Chlorine bleach has been used as a general germicide for many years. In fact, some state health departments still recommend it as a sanitizer and disinfectant. Chlorine bleach is also much cheaper per gallon than hospital-grade disinfectant cleaners. With all this going for it, why doesn’t everyone use it?
Here are some facts you should consider before adding bleach to your arsenal of maintenance products:
Chlorine is a strong oxidizing agent. In recent tests, chlorine bleach was exposed to samples of commercial-grade copper, cold rolled steel, and aluminium. The copper samples dis-colored in three hours and showed green corrosion in 24 hours. Aluminum showed signs of corrosion within 24 hours, and on the surface of cold rolled steel rust formed within 30 minutes.
Some grades of stainless steel also can be damaged from the use of products containing chlorine. A process known as “hydrogen embrittlement” may occur as the chlorine bleach attacks the stainless steel, trapping hydrogen gas in the pores of the metal. Over time, the hydrogen can be released, resulting in weakened metal. It is especially damaging to welded joints.
The American Concrete Institute also cautions that sodium hypochlorite (chlorine bleach) will slowly disintegrate concrete and portland-based mortars or grout.
Finally, many floorcare product manufacturers will not stand be-hind the performance of their floor polishes if they are main-tained with chlorine bleach.
Worker Safety, Chlorine is a strong irritant to human tissue. Violent reactions also can occur when chlorine bleach is mixed with amines. The reaction of chlorine and bowl cleaners containing hydrochloric acid can release deadly chlorine gas. Every housekeeper’s nightmare is a vision of the “new guy” keeled over, head first into a toilet bowl, after adding a little bleach to help the acid bowl cleaner brighten a little better.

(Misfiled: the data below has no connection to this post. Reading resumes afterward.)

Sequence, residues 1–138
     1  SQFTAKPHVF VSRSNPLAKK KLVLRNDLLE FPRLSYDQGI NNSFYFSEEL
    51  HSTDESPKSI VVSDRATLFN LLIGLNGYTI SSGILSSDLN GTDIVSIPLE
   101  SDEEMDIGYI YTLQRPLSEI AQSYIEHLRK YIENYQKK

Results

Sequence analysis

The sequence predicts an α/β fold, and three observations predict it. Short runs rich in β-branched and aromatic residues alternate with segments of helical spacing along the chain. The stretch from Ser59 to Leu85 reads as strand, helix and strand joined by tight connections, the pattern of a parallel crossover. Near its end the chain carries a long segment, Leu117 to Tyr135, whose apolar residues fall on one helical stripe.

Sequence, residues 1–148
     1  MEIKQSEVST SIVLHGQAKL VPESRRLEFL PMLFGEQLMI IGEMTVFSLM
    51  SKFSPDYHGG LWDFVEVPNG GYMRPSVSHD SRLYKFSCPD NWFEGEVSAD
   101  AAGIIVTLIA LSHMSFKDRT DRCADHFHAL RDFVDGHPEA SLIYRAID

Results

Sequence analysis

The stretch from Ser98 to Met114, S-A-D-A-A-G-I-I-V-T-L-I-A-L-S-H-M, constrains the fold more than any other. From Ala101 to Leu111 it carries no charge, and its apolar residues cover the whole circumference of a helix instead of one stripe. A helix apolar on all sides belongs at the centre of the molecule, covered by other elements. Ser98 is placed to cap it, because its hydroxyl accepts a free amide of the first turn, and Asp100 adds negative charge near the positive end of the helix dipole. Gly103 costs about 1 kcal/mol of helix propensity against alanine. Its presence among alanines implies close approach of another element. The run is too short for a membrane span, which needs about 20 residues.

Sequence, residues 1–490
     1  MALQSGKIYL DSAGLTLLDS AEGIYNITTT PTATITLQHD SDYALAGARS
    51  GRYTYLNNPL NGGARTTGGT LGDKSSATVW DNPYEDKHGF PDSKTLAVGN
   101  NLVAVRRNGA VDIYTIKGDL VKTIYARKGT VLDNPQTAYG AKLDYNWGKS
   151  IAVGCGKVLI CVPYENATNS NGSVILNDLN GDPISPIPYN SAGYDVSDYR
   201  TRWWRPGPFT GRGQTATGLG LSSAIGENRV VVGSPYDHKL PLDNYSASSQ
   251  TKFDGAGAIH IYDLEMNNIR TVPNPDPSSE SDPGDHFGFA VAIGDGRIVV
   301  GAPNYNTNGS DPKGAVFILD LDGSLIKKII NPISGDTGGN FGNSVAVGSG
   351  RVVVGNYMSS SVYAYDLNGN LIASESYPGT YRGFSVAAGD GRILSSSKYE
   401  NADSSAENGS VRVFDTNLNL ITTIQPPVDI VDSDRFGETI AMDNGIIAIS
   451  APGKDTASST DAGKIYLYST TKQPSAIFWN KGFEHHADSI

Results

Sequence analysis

Shelf Life in just a short shipping and storage time, an industrial concentration of 12 percent can fall to 7 to 10 per-cent. Efficacy, Chlorine bleach works best in a slightly acid to neutral pH range. Alkaline soils must be removed prior to using the bleach to prevent the chlorine from losing effectiveness. In other words, the surface must be clean if the chlorine (hypochlorite) is to have any significant effect. The only way you can be assured of killing organisms you want to control is to experiment with different ages/concentrations of the product and test the surfaces after use.
Cleaning Ability, compared to modern disinfectant cleaners, chlorine bleach does not compare in cleaning ability. If you are trying to clean and control germs simultaneously, consider one of the newer form-ula disinfectant detergents. With dilution rates as low as 1:256, proven efficacy, longer shelf life, and a less-corrosive nature, you might find the new disinfectant detergents are much better bargains than chlorine bleach.